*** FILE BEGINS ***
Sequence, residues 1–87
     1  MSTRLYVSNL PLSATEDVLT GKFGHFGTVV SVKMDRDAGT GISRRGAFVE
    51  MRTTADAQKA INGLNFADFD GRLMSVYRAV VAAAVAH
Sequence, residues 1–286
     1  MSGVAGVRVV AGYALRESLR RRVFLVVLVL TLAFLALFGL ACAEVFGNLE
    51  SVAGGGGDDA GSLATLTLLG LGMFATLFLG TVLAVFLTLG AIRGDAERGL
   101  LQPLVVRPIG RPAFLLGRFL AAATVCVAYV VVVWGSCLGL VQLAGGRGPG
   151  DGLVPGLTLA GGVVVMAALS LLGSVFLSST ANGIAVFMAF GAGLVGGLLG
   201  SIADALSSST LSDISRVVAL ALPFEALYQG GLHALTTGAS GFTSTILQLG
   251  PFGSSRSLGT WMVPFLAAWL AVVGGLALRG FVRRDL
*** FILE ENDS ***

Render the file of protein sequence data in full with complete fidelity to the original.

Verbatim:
Sequence, residues 1–87
     1  MSTRLYVSNL PLSATEDVLT GKFGHFGTVV SVKMDRDAGT GISRRGAFVE
    51  MRTTADAQKA INGLNFADFD GRLMSVYRAV VAAAVAH
Sequence, residues 1–286
     1  MSGVAGVRVV AGYALRESLR RRVFLVVLVL TLAFLALFGL ACAEVFGNLE
    51  SVAGGGGDDA GSLATLTLLG LGMFATLFLG TVLAVFLTLG AIRGDAERGL
   101  LQPLVVRPIG RPAFLLGRFL AAATVCVAYV VVVWGSCLGL VQLAGGRGPG
   151  DGLVPGLTLA GGVVVMAALS LLGSVFLSST ANGIAVFMAF GAGLVGGLLG
   201  SIADALSSST LSDISRVVAL ALPFEALYQG GLHALTTGAS GFTSTILQLG
   251  PFGSSRSLGT WMVPFLAAWL AVVGGLALRG FVRRDL